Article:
Memories which are encoded by visual, acoustic, elaborative, and semantic means each play a role in the quality of the human memory. In fact, encoding is the very first step of memory retention. Without the ability to encode memories, nobody would be able to recall various life events, feelings, or individual. Each version of memory encoding plays a role in processing and transferring various recollections to the part of the brain which stores long-term remembrances.
Is Memory Encoding Dangerous?
In and of itself, memory encoding is not dangerous. Without the ability to encode memories, humans' ability to function would be virtually impossible. However, when the process of encoding memories is damaged or otherwise compromised, this can be very dangerous, depending upon the severity of harm. Additional intel from Lumen Learning explains why; this particular source compares memory encoding to saving documents to a computer file. On the surface, this sounds fairly simple, but, in actuality, it's not. Just as document files should be complete and saved in the right folder, the same principle applies when memories are being encoded.
Previous studies and discoveries from specialists have already determined that not all memories are accurate. As a matter of fact, human memories are highly vulnerable to distortion. The presentation of new information, the power of suggestion, and many other factors can impact memories which have already been encoded. This vulnerability increases considerably with the passing of time. Granted, this doesn't mean that every single long-term memory is altered or inaccurate, but it simply means that long-term memories CAN be changed under the proper circumstances.
While the process of encoding memories is not inherently dangerous, the manipulation of this process can be particularly damaging. Intentionally implanting false memories is a form of encoding manipulation and can have dire effects. The human brain automatically processes information which it receives regardless of whether or not said information is true or false. If the coercion is intense enough, false recollections can override previously encoded and stored information. This type of manipulation is dangerous; it can cause victims to regard friends as enemies, forget critical memories, and otherwise engage in questionable conduct which is out of character for them.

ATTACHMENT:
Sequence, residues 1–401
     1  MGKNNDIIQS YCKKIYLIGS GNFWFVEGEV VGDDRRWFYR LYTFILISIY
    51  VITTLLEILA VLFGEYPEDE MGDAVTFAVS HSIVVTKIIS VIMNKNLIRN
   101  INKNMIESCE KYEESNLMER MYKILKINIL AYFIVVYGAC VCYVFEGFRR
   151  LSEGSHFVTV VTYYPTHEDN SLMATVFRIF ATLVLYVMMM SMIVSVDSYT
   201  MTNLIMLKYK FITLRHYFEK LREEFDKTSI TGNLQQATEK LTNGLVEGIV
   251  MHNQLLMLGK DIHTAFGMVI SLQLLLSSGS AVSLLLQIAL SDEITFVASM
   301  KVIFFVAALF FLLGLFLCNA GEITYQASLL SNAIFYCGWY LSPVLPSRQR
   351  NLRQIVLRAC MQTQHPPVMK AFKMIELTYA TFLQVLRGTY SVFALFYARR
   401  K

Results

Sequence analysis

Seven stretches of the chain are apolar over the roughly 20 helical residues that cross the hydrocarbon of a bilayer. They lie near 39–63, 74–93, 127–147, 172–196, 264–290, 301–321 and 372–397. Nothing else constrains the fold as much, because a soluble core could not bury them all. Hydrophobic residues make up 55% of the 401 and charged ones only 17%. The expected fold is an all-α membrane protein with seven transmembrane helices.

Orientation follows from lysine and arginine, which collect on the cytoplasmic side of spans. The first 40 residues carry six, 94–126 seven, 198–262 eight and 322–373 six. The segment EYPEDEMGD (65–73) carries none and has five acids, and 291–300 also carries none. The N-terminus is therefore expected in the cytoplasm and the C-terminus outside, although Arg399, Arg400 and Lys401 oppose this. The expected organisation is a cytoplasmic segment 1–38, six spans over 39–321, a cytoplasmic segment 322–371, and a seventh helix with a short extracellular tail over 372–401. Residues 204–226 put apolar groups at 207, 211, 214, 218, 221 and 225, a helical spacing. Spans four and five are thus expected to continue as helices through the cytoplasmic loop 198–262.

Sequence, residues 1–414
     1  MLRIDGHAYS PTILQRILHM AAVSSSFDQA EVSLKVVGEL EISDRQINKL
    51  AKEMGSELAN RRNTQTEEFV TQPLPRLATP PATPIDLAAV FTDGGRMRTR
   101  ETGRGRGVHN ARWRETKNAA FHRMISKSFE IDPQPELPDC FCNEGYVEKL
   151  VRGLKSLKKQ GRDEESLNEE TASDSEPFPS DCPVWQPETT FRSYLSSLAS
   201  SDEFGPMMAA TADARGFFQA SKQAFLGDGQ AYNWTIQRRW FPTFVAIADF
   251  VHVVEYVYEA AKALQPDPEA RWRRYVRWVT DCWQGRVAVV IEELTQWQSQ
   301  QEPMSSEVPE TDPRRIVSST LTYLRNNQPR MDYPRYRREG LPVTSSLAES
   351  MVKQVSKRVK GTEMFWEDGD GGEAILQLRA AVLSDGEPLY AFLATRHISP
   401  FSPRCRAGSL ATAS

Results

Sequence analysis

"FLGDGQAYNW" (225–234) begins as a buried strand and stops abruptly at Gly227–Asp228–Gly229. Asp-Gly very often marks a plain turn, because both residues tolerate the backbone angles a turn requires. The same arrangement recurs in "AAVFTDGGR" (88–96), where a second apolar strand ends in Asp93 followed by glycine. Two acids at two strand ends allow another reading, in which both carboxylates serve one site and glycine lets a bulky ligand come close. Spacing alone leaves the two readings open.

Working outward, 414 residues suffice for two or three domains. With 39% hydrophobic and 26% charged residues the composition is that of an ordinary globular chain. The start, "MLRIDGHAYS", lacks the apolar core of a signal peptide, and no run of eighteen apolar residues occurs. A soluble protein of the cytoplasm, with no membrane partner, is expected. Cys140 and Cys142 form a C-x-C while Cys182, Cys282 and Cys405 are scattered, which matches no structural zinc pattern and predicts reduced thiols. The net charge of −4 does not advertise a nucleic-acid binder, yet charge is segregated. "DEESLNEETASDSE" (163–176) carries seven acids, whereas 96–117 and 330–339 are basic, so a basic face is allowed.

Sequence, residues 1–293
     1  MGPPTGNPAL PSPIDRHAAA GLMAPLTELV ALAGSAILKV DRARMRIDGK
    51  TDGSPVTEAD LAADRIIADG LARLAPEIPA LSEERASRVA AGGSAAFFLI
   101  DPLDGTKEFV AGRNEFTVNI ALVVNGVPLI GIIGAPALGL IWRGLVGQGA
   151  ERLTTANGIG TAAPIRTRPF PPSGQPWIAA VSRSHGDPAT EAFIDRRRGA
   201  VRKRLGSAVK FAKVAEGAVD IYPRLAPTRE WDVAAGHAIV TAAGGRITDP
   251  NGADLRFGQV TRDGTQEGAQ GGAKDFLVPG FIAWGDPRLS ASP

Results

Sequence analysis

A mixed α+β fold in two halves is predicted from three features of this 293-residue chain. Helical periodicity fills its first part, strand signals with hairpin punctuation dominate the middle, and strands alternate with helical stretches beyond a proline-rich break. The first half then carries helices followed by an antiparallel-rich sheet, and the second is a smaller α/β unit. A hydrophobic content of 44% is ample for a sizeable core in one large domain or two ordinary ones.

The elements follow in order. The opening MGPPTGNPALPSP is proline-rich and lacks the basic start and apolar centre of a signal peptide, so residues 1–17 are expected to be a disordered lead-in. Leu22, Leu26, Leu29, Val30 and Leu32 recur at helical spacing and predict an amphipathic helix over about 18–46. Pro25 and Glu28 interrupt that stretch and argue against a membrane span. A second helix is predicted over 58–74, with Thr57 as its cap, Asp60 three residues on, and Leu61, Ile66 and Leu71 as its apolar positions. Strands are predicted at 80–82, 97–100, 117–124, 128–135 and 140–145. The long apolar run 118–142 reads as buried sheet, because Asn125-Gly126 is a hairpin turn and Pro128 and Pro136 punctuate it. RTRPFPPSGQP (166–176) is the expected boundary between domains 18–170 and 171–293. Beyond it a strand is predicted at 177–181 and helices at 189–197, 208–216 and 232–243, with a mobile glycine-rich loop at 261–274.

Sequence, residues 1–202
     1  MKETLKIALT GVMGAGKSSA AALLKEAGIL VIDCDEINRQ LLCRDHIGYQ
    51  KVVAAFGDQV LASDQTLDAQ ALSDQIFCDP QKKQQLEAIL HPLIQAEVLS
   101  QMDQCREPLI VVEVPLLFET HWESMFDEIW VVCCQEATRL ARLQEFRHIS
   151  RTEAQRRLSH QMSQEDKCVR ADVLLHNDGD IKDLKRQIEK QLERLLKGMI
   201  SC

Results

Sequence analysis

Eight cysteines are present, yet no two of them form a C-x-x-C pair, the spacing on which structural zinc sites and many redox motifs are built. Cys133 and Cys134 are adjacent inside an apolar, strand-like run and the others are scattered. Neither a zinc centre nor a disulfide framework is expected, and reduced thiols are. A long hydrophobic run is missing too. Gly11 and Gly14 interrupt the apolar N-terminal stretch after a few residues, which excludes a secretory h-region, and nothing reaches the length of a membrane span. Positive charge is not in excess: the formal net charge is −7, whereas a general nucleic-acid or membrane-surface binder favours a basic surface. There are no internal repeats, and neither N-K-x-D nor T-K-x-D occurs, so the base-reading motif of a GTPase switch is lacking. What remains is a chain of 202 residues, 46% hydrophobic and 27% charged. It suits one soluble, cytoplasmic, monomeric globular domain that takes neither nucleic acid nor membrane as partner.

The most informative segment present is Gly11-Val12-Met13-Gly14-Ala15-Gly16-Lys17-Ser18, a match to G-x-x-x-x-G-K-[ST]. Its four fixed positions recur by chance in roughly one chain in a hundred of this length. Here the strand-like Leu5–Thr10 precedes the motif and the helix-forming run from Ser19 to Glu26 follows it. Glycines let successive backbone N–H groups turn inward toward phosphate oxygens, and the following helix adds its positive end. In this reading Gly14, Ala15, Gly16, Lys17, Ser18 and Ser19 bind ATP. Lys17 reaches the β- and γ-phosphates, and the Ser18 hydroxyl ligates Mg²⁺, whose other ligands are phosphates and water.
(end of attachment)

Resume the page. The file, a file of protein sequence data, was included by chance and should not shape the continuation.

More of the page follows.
A Final Word
Many people take memory encoding for granted. While this process is innate and automatic, the quality of the human mind also plays a role. Healthier minds are much likelier to encode various information at a faster and superior rate. Moreover, the quality and precision of encoded memories are usually better. However, various factors such as quality of life, nutrition, etc. can affect the caliber of encoded memories. Therefore, people are strongly advised to take good care of themselves, exercise, eat well, and surround themselves with positive people, environments, and opportunities.
The preceding advice is particularly applicable for older people. Unfortunately, the quality of the body and mind tends to decline with age. Therefore, the importance of healthy and nutritious lifestyle habits and environments becomes even more imperative for elders. Harvard Health lists reading, painting, drawing, exercise, word puzzles, strong social networks, and moderate to low consumption of alcohol as excellent ways for an older individual to maintain robust mental health and preserve the "youth" of their brains.
Connecting with other people (hence previously mentioned strong social networks) plays a considerable role in the quality of one's mental health. This is especially critical during times where life is stressful, uncertain, or otherwise difficult. The truth of the matter is that good times and bad times are inevitable regardless of how healthy someone is.
In many cases, sitting down with a counselor or therapist can be particularly helpful and beneficial. Individuals who fall into the categories above have made a living out of guiding people and aiding them in their quests to achieve happiness and live their best lives. Each person had their unique trials and tribulations; the good news is that we do not have to go through these things alone. There is always someone out there who wants to be of assistance.
Here at BetterHelp, providing aid to those in need, thus improving their quality of life is our top priority. We pride ourselves on being of help to every person who reaches out to us.